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Caveat Lector

Sunday, October 23, 2005
It means Reader Beware. I had to look it up.

Anyway, I've got this question about language and if you're one of my rather more sensitive readers, skip this.

What word do you use in your descriptive sex scenes that falls between the harsh-sounding cunt/pussy, the clinical vagina and the flowery petals of her womanhood? I know there are a few other words out there, but unless I want my reader to either go "ewwwww" or double over in laughter, I'm kind of stuck. (To be frank, cunt still puts me at a dead stop before I can read on.) Geez. I feel like George Carlin over here.

I mean, there are a hundred different terms for penis, some funny, some vulgar, but why is female sex organ terminology so limited? Is it because it's something good girls just don't talk about? In childhood, we get taught the inaccurate pee-pee or just plain down there, as if it's something that should be hushed up. I'm guilty of it myself. I mean, kids will blurt out anything you teach them and did I really want my daughter talking loudly about how much her pussy itches in the midst of a yeast infection? I shudder to think of it.

So what's the answer? Do we need new terminology or do we need to somehow mount a de-ickifying campaign on some of the old words? Opinions, suggestions and "You just watch your mouth, young lady!" are all welcome. Well,a little less of the last one, please.
10/23/2005 07:52:00 AM : : Sela Carsen : : 10 Comments

10 Comments:

ROFL picturing your daughter in a public place saying that. Cringing a the thought it could be me...

Going to lurk and see if someone smarter than the average bearette can figure this out. I know I can't!

By Anonymous Karen, at 10:22 AM  

I think you use whatever terminology suits the characters/story/situation, AND what *you* feel comfortable with. If you're forcing slang/description that you feel ill at ease using, it'll show. Some of the HAWTEST, pulsing racing, seat squirming love scenes I've ever read labeled *nothing*. Everything was inferred. (and ‘everything’ was usually something pretty vanilla. ::wink::) It was all about emotion, sensation and subtext.

By the same token, some of the most boooringest, eyes glazed over, let's start skimming, fuc- er, love scenes I've ever read detailed and named everything in the most explicit, carnal way possible. (and by ‘everything’, I’m talking Rocky Road with extra fudge and peanuts. Two scoops.) yawn.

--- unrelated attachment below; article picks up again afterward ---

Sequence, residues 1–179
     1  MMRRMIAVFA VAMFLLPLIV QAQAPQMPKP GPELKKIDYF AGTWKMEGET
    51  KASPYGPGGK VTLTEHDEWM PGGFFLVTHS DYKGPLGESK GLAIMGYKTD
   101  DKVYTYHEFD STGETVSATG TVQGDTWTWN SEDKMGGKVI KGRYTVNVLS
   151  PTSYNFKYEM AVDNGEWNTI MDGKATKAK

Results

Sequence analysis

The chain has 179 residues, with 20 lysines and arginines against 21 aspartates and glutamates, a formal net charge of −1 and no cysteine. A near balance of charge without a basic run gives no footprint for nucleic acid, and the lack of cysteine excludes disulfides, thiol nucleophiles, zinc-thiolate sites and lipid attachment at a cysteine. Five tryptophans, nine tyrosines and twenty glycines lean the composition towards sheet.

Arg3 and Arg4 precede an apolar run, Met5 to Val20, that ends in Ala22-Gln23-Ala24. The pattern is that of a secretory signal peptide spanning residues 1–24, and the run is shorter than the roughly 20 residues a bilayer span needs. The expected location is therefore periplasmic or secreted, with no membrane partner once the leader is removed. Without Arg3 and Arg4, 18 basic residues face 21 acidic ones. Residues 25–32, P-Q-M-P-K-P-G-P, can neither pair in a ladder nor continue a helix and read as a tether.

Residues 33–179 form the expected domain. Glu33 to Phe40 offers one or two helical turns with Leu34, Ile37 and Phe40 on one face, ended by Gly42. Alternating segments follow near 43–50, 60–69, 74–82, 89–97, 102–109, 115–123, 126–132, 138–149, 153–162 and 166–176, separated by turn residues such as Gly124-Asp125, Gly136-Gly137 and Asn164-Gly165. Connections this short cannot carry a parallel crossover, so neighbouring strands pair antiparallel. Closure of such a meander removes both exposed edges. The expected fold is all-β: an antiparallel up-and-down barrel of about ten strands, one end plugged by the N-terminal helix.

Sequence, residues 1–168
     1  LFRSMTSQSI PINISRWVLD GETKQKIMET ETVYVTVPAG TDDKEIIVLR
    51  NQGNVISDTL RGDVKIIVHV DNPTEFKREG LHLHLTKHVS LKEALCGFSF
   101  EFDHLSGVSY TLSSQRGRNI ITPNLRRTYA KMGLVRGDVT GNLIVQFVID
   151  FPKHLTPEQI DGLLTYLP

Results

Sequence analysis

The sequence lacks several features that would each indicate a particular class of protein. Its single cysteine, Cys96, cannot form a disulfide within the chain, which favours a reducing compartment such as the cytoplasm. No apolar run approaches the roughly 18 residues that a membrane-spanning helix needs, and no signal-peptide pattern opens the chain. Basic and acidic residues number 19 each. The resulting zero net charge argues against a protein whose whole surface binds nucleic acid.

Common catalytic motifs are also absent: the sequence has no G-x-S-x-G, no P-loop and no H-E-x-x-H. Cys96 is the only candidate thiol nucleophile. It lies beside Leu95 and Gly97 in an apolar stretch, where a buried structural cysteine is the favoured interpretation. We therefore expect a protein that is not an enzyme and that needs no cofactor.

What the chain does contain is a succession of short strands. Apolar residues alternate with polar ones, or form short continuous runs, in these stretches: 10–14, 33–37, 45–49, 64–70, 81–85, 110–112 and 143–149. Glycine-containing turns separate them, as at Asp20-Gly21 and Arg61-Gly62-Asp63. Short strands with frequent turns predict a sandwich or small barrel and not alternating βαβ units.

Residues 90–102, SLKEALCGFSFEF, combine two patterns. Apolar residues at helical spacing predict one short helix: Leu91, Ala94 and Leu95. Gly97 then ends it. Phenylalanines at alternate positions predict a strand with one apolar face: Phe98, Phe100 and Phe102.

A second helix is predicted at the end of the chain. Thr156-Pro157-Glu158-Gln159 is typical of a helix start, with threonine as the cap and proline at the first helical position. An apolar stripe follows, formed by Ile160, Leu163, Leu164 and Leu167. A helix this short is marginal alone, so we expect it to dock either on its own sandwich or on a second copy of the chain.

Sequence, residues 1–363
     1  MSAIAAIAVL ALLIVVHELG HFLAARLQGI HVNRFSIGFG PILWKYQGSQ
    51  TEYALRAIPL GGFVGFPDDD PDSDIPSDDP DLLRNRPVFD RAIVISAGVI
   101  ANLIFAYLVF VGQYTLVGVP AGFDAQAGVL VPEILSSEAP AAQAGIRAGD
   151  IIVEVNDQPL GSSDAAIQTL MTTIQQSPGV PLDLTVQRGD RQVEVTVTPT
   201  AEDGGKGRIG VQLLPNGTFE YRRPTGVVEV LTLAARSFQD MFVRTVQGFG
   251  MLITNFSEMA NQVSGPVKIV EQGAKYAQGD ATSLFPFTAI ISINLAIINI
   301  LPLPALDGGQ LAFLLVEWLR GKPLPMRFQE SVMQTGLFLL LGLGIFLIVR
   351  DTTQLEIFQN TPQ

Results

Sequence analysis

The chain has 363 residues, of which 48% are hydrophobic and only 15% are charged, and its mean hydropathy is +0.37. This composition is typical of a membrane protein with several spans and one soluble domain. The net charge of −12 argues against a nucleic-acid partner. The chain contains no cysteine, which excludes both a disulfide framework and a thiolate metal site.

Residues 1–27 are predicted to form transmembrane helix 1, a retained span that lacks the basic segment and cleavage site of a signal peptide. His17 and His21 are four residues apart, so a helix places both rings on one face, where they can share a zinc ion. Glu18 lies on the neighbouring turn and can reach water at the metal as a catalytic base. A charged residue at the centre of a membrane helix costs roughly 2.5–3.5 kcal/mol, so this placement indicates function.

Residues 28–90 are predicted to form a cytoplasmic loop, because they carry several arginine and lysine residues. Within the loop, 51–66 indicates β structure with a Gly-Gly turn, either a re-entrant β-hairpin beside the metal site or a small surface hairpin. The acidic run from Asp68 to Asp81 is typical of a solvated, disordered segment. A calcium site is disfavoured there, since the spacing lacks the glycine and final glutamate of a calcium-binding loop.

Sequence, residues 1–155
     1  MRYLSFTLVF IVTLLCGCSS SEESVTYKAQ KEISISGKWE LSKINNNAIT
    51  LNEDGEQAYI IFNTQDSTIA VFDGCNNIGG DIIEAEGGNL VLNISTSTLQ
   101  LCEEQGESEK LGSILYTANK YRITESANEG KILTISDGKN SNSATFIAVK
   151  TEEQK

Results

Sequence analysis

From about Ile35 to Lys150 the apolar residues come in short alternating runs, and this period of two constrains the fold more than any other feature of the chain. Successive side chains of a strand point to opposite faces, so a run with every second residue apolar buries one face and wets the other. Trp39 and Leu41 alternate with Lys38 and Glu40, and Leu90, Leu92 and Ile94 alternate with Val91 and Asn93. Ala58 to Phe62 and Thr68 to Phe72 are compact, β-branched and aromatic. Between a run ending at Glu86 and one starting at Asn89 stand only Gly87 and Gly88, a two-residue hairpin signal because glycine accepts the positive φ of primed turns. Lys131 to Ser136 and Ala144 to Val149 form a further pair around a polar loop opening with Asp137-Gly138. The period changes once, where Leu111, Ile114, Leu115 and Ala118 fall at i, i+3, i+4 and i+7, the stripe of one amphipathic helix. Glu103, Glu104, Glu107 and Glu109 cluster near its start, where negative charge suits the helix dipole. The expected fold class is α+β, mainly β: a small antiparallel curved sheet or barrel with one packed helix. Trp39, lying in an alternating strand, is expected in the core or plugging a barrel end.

One author could use cunt/pussy/cock/dick and I’d cringe and be jerked right out of the moment, while another writer could use those words and it would barely register.

By Blogger Jaye, at 1:21 PM  

tutu :)

By Anonymous Suzanne, at 6:35 PM  

OMG. Tell me you did NOT just use the word "tutu." As in, "She impaled her tutu on his throbbing log o' love."

ROFLMAO!!!!!

By Blogger Sela Carsen, at 9:49 PM  

Go with what you are comfortable with. If you are not comfortable it will show.

Remember every line/publisher has different ways of saying the same thing.

Usethe emotions to get you through it.

By Blogger Michelle Styles, at 1:58 AM  

I agree Sela, go with what you're comfortable with. I find that I can get a lot more dirty when I'm in the Hero's POV than the Heroine's.

And I'm cracking up at tutu!

By Blogger Tess Harrison, at 5:45 AM  

Everything Jaq said!!!!!!!! And I agree w/Tess. I tend to be more graphic when I"m in a man's pov.
I have a writer friend in my local chapter who doesn't use a lot of raw language (she usually opts for "sex" vs pussy) but her stuff is good, it's evocative and you can really "feel" it.

To be frank, saying pussy gets old *snicker* sorry.

By Blogger Amie Stuart, at 10:55 AM  

I think the lack of terms for female genitalia is disturbing. I think it's more disturbing that in informal surveys I've done (and yes, I do these things), cunt is rated one of the most, if not the most offensive swear word in the English language.

There's something called the Sapir-Whorf hypothesis, which is that the language you speak determines the parameters of your perception and thought processes. What does this tell us about our culture's perception of women and their sexuality?

Julie, with a bee in her bonnet. --Hey, "bonnet"'s a good euphemism, isn't it? ;-)

By Blogger Julie, at 8:28 PM  

Excellent points, Julie! You made me look up the SWH and exercise my brain a little bit, too. I recalled my linguistics theory as well as communication theory and was able to wade through the academic speak to a working understanding of the theory. I checked out a couple of websites and found an interesting bit on Wikipedia on political correctness and linguistic determinism.

If you're interested in this convuluted area of theory, check out http://en.wikipedia.org/wiki/Sapir-Whorf_Hypothesis

By Blogger Sela Carsen, at 11:23 PM  

Hey, you know, leave it to me to bring a discussion of sex down to my level... ;-)

By Blogger Julie, at 5:19 AM  

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